Every reference and allusion in Fuccboi enriched it for me because that’s how the world is – we consume art in our day-to-day lives and art should be able to acknowledge itself. I’m curious about how you’ve felt promoting this book and talking about this character given his dislike for literary pretension and the ‘literati’.
Just to answer your question and complete that last thought; that outlook of trying to show how literature can be tangibly applicable to your life pushes back against the way we’re taught to look at literature as being in a vacuum of the classroom. So, I think in a way it’s pushing back against that [outlook] with a different kind of rigour. That ties into how he has his rants about literature because I think he has a way of experiencing it that he doesn’t feel like the vast majority of self-proclaimed ‘literary people’ are looking at it in that same way, and that’s limiting literature’s use or applicability to a wide range of people. It makes it insular, so there’s that element of pushing back against the, quote, unquote, ‘literati’.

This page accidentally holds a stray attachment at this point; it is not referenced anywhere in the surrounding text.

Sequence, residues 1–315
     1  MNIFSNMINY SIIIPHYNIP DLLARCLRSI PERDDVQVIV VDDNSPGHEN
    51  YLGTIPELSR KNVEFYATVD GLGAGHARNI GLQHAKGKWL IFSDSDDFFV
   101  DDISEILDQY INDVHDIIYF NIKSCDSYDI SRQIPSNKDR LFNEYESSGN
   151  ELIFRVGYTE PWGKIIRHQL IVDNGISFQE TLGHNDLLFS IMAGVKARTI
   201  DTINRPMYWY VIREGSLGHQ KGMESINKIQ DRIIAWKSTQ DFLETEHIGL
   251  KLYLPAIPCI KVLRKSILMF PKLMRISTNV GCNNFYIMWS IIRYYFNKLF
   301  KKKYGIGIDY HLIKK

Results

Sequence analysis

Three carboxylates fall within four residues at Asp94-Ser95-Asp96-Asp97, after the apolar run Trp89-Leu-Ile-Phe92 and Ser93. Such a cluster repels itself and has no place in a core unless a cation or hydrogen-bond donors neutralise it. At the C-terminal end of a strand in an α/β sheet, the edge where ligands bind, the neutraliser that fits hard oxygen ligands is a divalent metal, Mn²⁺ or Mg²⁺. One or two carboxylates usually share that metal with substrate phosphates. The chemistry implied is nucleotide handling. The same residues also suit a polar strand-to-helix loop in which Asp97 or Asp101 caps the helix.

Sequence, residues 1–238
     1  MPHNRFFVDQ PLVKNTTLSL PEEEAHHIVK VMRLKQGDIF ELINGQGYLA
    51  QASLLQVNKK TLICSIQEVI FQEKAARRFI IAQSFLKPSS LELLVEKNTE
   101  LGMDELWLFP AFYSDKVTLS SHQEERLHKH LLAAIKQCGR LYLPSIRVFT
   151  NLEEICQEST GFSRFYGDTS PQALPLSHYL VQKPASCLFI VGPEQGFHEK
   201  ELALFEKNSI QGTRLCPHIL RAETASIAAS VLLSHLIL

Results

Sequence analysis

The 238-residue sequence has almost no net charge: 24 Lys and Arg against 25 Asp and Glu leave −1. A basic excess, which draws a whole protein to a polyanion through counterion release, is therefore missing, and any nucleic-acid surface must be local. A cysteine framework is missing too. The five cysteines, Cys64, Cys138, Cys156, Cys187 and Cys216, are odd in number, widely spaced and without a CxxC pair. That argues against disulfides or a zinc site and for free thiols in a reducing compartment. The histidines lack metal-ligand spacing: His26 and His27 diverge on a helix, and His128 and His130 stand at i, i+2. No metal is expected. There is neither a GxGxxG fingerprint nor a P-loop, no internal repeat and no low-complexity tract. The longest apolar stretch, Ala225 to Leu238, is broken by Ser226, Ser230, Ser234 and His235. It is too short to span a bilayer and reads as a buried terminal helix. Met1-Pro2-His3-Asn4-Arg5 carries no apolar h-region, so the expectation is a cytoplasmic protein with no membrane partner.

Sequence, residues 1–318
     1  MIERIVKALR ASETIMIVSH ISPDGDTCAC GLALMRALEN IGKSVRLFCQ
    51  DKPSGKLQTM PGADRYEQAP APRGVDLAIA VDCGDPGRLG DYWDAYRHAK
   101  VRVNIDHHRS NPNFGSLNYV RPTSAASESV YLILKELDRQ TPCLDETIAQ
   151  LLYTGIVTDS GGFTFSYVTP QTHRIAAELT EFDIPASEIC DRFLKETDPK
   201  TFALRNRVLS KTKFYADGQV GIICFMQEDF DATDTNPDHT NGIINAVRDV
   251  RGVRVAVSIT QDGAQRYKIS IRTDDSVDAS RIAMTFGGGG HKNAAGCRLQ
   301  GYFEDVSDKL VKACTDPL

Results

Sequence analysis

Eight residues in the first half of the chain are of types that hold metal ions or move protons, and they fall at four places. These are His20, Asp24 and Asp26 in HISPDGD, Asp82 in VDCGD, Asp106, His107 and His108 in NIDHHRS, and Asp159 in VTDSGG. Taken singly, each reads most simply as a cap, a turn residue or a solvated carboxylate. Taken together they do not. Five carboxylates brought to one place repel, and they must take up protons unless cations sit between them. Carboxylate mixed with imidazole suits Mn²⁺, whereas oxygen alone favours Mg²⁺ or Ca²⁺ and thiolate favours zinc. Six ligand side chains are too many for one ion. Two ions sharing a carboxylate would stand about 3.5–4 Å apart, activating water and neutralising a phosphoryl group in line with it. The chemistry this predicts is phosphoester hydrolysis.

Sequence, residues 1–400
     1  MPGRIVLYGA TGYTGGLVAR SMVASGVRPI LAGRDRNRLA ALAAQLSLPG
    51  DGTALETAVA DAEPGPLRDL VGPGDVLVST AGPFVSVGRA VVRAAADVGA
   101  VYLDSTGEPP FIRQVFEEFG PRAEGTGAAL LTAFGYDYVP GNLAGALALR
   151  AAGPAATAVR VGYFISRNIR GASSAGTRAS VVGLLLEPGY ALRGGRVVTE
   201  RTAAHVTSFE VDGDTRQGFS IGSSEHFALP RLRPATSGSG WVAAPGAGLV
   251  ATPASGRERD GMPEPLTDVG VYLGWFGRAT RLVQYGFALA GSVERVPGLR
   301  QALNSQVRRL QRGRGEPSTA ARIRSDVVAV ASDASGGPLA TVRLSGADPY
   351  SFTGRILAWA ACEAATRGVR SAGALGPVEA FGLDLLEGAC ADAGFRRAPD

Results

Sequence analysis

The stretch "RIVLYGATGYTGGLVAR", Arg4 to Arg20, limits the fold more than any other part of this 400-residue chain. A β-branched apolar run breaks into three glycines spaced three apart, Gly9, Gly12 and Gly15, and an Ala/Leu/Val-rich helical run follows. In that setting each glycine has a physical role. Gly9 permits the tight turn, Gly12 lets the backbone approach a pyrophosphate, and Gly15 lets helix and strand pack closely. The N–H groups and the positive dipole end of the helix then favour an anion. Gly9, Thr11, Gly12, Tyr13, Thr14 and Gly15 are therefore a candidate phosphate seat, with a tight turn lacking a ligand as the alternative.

But I also think that trope of a character who feels alienated and like he doesn’t have a place in society – whether that’s economically or in his chosen field of art or socially – there’s a long tradition of that type of story, so I think it’s partaking in that tradition. I think anytime the reader is unable to tamp down exactly where the protagonist stands on this or that thing and he’s straddling different lines, that’s when, for me as a reader, things get really exciting.
There’s a type of moral absolutism in art that is quite trendy right now. Fuccboi is so completely at odds with that, it’s so fascinatingly murky and complicated… were you mindful of that absolutism when you wrote the book?
Yeah. I would have an idea for a chapter, and I would work on a chapter for a month but try and hold off on writing it for as long as possible until I felt I could fully straddle the two sides of what the character was investigating, such that it evaded that type of moral absolutism. It was almost like looking back at something the character was feeling really adamant about and then the moment when it was really complicated, I could start trying to write it. There were some chapters that would go too far into, you know, a rant or they wouldn’t be complicated enough, and those would either have to become complicated or they would not be included.
I think what’s so strong about Fuccboi is that there’s such clear intentionality in the book, but it’s written almost like a stream of consciousness. Was it a hard book to write?